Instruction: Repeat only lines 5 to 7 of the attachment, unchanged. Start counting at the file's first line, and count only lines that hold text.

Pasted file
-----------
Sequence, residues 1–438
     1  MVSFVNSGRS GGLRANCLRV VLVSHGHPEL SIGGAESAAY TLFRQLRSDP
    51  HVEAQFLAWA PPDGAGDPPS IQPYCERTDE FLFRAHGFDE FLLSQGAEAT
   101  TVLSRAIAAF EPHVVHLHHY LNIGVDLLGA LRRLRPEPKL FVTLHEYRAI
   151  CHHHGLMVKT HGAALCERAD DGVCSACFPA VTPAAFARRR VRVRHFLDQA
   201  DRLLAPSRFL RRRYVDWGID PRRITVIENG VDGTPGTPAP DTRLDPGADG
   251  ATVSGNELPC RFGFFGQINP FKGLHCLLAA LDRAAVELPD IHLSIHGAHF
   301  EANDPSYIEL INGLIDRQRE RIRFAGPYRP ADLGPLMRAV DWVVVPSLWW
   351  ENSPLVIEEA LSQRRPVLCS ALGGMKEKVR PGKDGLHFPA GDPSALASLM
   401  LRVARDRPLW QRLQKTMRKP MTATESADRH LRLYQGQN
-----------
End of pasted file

   151  CHHHGLMVKT HGAALCERAD DGVCSACFPA VTPAAFARRR VRVRHFLDQA
   201  DRLLAPSRFL RRRYVDWGID PRRITVIENG VDGTPGTPAP DTRLDPGADG
   251  ATVSGNELPC RFGFFGQINP FKGLHCLLAA LDRAAVELPD IHLSIHGAHF